Writers, academics sign open letter criticizing 'ideological conformity,' cancel culture
Letter decries 'intolerance of opposing views, a vogue for public shaming and ostracism'
Dozens of artists, writers and academics have signed an open letter decrying the weakening of public debate and warning that the free exchange of information and ideas is in jeopardy amid a rise in what they call "illiberalism."
J.K. Rowling, Salman Rushdie and Margaret Atwood are among dozens of writers, artists and academics to argue against ideological conformity in an open letter in Harper's Magazine.
The names hail from a host of different sectors, from cognitive scientist Noam Chomsky to activist Gloria Steinem, jazz great Wynton Marsalis to chess grandmaster Garry Kasparov to Randi Weingarten, president of the American Federation of Teachers.
Academics on the list of more than 150 signatories hail from American universities such as Princeton, Yale, Harvard Law, Brown, Rutgers and more.
In addition to Atwood, other Canadian signatories include political pundit David Frum, longtime New Yorker writer Malcolm Gladwell, former federal Liberal Party leader Michael Ignatieff and literary critic and writer Jeet Heer.
The letter comes amid a debate over so-called cancel culture — where prominent people face attack for sharing controversial opinions.
"The forces of illiberalism are gaining strength throughout the world and have a powerful ally in Donald Trump, who represents a real threat to democracy," the letter said.
"But resistance must not be allowed to harden into its own brand of dogma or coercion—which right-wing demagogues are already exploiting. The democratic inclusion we want can be achieved only if we speak out against the intolerant climate that has set in on all sides."
Rowling, for example, has attracted criticism over her views on transgender issues, which have angered many activists. In a series of tweets, Rowling said she supported transgender rights but did not believe in "erasing" the concept of biological sex.
The comments prompted Daniel Radcliffe and other cast members of the Potter films to publicly disagree with her. Rowling was unmoved, but has been trading barbs with critics online.
The letter criticized the state of public debate and the "swift and severe retribution" dealt out to any perceived wrongs. It decried an "intolerance of opposing views, a vogue for public shaming and ostracism, and the tendency to dissolve complex policy issues in a blinding moral certainty."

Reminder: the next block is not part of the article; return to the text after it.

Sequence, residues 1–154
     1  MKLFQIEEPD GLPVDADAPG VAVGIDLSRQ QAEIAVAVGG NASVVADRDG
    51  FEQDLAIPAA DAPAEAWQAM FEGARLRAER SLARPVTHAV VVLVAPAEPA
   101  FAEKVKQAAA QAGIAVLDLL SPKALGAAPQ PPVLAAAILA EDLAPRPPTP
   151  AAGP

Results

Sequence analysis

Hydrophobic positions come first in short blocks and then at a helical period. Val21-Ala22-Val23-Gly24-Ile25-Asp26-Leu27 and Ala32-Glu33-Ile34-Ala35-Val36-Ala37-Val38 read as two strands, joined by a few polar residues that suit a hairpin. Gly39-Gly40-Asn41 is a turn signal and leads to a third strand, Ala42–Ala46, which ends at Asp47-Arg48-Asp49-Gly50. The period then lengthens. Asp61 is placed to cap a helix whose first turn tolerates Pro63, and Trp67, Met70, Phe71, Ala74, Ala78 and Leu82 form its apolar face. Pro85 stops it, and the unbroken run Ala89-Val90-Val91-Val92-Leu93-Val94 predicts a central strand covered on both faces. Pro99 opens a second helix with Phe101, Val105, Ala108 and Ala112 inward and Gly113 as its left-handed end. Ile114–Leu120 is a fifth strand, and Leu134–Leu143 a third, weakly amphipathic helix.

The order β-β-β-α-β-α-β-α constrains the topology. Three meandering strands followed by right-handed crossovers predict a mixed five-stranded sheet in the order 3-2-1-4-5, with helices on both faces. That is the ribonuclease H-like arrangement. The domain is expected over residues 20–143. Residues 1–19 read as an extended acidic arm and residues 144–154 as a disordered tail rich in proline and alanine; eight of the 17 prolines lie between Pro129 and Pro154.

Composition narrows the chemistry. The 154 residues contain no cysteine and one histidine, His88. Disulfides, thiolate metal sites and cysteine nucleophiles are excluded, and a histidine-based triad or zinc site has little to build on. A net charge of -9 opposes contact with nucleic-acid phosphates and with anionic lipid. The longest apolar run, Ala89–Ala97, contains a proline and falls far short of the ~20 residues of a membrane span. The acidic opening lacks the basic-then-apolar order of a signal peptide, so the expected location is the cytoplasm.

"The way to defeat bad ideas is by exposure, argument, and persuasion, not by trying to silence or wish them away," the letter said. "We refuse any false choice between justice and freedom, which cannot exist without each other.
Heated debate online
The letter garnered pushback and has sparked heated debate since being posted Tuesday by Harper's and circulated by a number of the signatories on social media.
Critics have pointed out that some of those who signed have engaged in the same toxic behaviour they decry in the letter. Others cited the disconnect over signatories holding such prominence, positions of power and with large public platforms complaining about having their speech stifled.
To the signatories I respect, I'm sure a productive conversation can be had in good faith, but you should probably look up some of the names next to you on this thing and school them first.—@cmclymer
This is the first time in American history that people apart from the monied New York and Washington elite have had the chance to get their voices heard, and the Harper's signatories are freaking out over the fact that people are being mean to them on twitter. So embarrassing.—@Passionweiss
Historian Kerri Greenidge, who was listed among the original signatories, said she did not endorse the letter and asked for a retraction. A writer on the list, Jennifer Finney Boylan, apologized for her participation, saying she thought she was "endorsing a well meaning, if vague, message against internet shaming" and was not aware of the full list of signatories.
I did not know who else had signed that letter. I thought I was endorsing a well meaning, if vague, message against internet shaming. I did know Chomsky, Steinem, and Atwood were in, and I thought, good company. <br><br>The consequences are mine to bear. I am so sorry.—@JennyBoylan